Approximately 3.8 non-continuous acres
Upland fields at the Lynn Farm consist of well-established native warm season grasses with intermingled exotic cool season pasture grasses and occasional native and exotic wildflowers. Problem weeds, which are patchy in occurrence, include the exotic annuals Japanese Stiltgrass (Microstegium viminium) and Small Basketgrass (Arthraxon hispidus), exotic perennial Beefsteak Plant (Perilla frutescens) and Bermuda Grass (Cynodon dactylon), a small patch of the exotic Vinca vine, and the native perennial Canada Goldenrod (Solidago canadensis).
Aerial photography indicates that upland fields, which slope gently toward Accokeek Creek, have been open since at least 1969. The relative absence of woody growth suggest the fields have been mown at least yearly within the recent past. Aerial photography from 1937 indicates upland fields were once in evergreen growth, possibly as planted pine stands. Comparisons of pre- and post-logging aerial photography suggests that woody debris from the recent logging was deposited in a large portion of the Western Field and a smaller portion of the Central Field.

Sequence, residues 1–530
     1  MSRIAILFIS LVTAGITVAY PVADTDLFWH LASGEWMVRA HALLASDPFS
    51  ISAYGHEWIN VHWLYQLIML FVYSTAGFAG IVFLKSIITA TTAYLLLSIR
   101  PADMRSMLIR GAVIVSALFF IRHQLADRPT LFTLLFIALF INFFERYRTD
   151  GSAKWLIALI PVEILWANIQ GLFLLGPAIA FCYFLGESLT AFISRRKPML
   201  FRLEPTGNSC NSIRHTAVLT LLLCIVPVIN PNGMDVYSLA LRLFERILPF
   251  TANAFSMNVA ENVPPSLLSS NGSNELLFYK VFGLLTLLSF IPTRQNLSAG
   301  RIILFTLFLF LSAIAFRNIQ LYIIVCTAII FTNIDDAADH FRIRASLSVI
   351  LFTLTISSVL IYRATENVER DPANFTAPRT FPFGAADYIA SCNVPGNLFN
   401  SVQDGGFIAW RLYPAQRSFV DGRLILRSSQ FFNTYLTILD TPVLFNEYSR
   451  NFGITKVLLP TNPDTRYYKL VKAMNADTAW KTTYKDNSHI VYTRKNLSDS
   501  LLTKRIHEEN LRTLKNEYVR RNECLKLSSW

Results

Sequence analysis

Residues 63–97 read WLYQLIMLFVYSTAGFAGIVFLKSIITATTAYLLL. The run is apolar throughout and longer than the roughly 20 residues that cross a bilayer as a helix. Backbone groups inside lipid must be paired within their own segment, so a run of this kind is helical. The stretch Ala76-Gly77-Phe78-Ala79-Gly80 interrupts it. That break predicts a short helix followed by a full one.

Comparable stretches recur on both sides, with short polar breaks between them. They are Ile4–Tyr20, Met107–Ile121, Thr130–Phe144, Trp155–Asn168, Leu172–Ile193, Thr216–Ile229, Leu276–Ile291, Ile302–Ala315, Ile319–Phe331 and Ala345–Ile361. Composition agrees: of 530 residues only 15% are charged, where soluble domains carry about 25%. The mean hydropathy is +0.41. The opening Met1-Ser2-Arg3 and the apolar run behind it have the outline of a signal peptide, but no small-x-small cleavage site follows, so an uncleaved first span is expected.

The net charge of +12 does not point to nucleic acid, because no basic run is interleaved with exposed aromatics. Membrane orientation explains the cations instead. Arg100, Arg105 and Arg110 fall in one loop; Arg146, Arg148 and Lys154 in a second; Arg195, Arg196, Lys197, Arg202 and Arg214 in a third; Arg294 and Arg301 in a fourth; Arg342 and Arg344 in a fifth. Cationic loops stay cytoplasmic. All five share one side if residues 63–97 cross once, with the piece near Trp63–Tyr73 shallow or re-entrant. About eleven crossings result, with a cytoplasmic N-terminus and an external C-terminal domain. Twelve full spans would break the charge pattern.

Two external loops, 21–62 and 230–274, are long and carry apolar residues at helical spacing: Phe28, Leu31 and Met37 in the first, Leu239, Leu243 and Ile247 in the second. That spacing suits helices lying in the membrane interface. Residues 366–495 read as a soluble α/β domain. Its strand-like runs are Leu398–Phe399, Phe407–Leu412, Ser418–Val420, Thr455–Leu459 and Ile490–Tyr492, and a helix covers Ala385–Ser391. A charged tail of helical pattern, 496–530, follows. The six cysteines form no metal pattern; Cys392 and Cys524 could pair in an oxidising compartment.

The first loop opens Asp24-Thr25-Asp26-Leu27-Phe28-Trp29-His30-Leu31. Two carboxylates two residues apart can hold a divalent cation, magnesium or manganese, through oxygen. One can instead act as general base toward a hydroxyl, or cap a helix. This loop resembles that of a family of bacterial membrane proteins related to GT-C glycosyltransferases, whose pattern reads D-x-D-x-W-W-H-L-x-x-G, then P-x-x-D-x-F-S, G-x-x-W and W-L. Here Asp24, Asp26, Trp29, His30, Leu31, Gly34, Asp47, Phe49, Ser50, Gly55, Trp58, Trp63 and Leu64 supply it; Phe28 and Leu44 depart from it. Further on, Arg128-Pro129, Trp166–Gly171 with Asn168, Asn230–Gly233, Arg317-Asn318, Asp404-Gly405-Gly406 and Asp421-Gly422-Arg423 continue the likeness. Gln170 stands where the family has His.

Central Field, June 2016. Upland fields at the Lynn Farm are grass dominated with occasional wildflowers and tree saplings. Scattered trees occur near the edges. Much of the power line spans the upland fields.
Restoration & Management Implications
•Various strategies can be used to target woody growth, problem weeds, and exotic cool season grasses and thereby preserve native grassland habitat provided by upland fields. Strategies can include strategically timed mowing, selective herbicide applications, and prescribed grazing.
•Existing upland fields and adjacent clear cut areas can be simultaneously managed for grassland habitat even though recent management history of these two areas differs.
•Removing and stockpiling the large woody debris deposits will favor grassland habitat. Depending on emergent growth, these areas may require seeding.
•Pasturing horses in upland fields should be avoided as native warm season bunch grasses do not rebound from grazing as do exotic cool season pasture grasses, particularly if grazed during summer, their most active growth period.